IDEAS home Printed from
   My bibliography  Save this paper

Credit to Private Sector, Interest Spread and Volatility in Credit-Flows: Do Bank Ownership and Deposits Matter?


  • Hamid Rashid


With bank-level data from 81 developing countries, the paper shows that increased foreign bank presence is associated with increased reliance on non-deposit based funding, which leads to higher interest rate spreads, less credit to the private sector, and higher volatility in bank loans. Foreign bank entry significantly reduces domestic banks’ share of deposits while foreign banks typically allocate less of their assets and deposits to lending. As domestic banks lose their deposit base, they rely on non-deposit based funding, but its higher costs and uncertainty force domestic banks to reduce their lending activities.

Suggested Citation

  • Hamid Rashid, 2011. "Credit to Private Sector, Interest Spread and Volatility in Credit-Flows: Do Bank Ownership and Deposits Matter?," Working Papers 105, United Nations, Department of Economics and Social Affairs.
  • Handle: RePEc:une:wpaper:105

    Download full text from publisher

    File URL:
    Download Restriction: no

    References listed on IDEAS

    1. Deininger, Klaus & Squire, Lyn, 1996. "A New Data Set Measuring Income Inequality," World Bank Economic Review, World Bank Group, vol. 10(3), pages 565-591, September.
    2. Wolfson, Michael C, 1994. "When Inequalities Diverge," American Economic Review, American Economic Association, vol. 84(2), pages 353-358, May.
    3. Atkinson, A B, 1997. "Bringing Income Distribution in from the Cold," Economic Journal, Royal Economic Society, vol. 107(441), pages 297-321, March.
    4. Paul Krugman & Robert Lawrence, 1993. "Trade, Jobs, and Wages," NBER Working Papers 4478, National Bureau of Economic Research, Inc.
    5. Deepak Lal, 1993. "Poverty and Development," UCLA Economics Working Papers 707, UCLA Department of Economics.
    6. Cecilia Garcia-Penalosa & Eve Caroli & Philippe Aghion, 1999. "Inequality and Economic Growth: The Perspective of the New Growth Theories," Journal of Economic Literature, American Economic Association, vol. 37(4), pages 1615-1660, December.
    7. José Gabriel Palma, 2005. "The seven main "stylized facts" of the Mexican economy since trade liberalization and NAFTA," Industrial and Corporate Change, Oxford University Press, vol. 14(6), pages 941-991, December.
    8. Juhn, Chinhui & Murphy, Kevin M & Pierce, Brooks, 1993. "Wage Inequality and the Rise in Returns to Skill," Journal of Political Economy, University of Chicago Press, vol. 101(3), pages 410-442, June.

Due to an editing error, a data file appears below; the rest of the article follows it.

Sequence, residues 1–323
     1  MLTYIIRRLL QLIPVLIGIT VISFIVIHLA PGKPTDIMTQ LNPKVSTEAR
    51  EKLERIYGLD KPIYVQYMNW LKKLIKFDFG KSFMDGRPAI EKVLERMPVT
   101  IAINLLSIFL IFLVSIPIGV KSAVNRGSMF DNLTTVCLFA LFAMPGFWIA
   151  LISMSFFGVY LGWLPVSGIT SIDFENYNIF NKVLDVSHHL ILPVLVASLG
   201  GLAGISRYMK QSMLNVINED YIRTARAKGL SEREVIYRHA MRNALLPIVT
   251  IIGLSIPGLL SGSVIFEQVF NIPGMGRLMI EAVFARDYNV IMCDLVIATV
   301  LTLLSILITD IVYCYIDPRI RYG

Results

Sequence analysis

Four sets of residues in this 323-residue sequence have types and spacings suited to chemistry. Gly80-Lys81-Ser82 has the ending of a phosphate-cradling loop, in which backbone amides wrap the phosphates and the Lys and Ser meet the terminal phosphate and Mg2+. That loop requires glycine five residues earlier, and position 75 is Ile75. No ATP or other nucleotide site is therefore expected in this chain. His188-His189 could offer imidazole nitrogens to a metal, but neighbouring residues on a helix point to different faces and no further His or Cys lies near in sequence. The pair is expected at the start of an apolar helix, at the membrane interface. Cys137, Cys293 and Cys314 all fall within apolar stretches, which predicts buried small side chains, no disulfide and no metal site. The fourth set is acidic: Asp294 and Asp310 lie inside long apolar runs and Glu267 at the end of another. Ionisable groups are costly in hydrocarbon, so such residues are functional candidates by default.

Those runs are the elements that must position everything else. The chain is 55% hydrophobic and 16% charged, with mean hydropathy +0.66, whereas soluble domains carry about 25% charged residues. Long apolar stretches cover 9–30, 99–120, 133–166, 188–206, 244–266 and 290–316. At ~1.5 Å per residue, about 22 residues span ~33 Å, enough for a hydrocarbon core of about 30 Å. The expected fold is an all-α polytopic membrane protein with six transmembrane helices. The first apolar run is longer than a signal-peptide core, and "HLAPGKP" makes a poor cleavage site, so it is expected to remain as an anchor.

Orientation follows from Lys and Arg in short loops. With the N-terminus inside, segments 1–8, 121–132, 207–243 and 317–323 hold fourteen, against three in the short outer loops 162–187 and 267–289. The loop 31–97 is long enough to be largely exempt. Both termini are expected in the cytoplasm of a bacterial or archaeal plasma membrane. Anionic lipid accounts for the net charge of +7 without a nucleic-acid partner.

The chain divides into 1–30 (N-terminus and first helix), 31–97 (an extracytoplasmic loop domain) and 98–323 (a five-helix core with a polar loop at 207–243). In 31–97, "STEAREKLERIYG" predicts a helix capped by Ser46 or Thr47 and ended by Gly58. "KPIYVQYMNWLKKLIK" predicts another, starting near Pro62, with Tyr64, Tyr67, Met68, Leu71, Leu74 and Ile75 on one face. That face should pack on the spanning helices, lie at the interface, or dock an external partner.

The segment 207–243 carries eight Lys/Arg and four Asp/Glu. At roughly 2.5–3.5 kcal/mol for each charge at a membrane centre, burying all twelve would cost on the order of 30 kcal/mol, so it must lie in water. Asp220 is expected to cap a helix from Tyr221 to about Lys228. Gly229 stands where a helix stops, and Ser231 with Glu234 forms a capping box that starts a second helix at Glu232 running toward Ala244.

9. Jonathan E. Haskel, 1999. "The Trade and Labour Approaches to Wage Inequality," Working Papers 405, Queen Mary University of London, School of Economics and Finance.
    10. William R. Cline, 1997. "Trade and Income Distribution," Peterson Institute Press: All Books, Peterson Institute for International Economics, number 58.
    11. Jonathan Michie (ed.), 2003. "The Handbook of Globalisation," Books, Edward Elgar Publishing, number 2964.
    Full references (including those not matched with items on IDEAS)


    Citations are extracted by the CitEc Project, subscribe to its RSS feed for this item.

    Cited by:

    1. Balmaceda, Felipe & Fischer, Ronald D. & Ramirez, Felipe, 2014. "Financial liberalization, market structure and credit penetration," Journal of Financial Intermediation, Elsevier, vol. 23(1), pages 47-75.
    2. ARIC Kıvanç Halil & ERKEKOĞLU Hatice, 2014. "The Effect Of Financial Development On Growth In Countries Joining The Eu After 2004: A Panel Data Analysis," Revista Economica, Lucian Blaga University of Sibiu, Faculty of Economic Sciences, vol. 66(3), pages 60-71.

    More about this item


    Financial development; foreign banks; deposits; financial regulation; central banks;

    JEL classification:

    • G20 - Financial Economics - - Financial Institutions and Services - - - General
    • G21 - Financial Economics - - Financial Institutions and Services - - - Banks; Other Depository Institutions; Micro Finance Institutions; Mortgages
    • E58 - Macroeconomics and Monetary Economics - - Monetary Policy, Central Banking, and the Supply of Money and Credit - - - Central Banks and Their Policies
    • G28 - Financial Economics - - Financial Institutions and Services - - - Government Policy and Regulation

    NEP fields

    This paper has been announced in the following NEP Reports:


    Access and download statistics


    All material on this site has been provided by the respective publishers and authors. You can help correct errors and omissions. When requesting a correction, please mention this item's handle: RePEc:une:wpaper:105. See general information about how to correct material in RePEc.

    For technical questions regarding this item, or to correct its authors, title, abstract, bibliographic or download information, contact: (Aimee Gao). General contact details of provider: .

    If you have authored this item and are not yet registered with RePEc, we encourage you to do it here. This allows to link your profile to this item. It also allows you to accept potential citations to this item that we are uncertain about.

    We have no references for this item. You can help adding them by using this form .

    If you know of missing items citing this one, you can help us creating those links by adding the relevant references in the same way as above, for each refering item. If you are a registered author of this item, you may also want to check the "citations" tab in your RePEc Author Service profile, as there may be some citations waiting for confirmation.

    Please note that corrections may take a couple of weeks to filter through the various RePEc services.

    IDEAS is a RePEc service hosted by the Research Division of the Federal Reserve Bank of St. Louis . RePEc uses bibliographic data supplied by the respective publishers.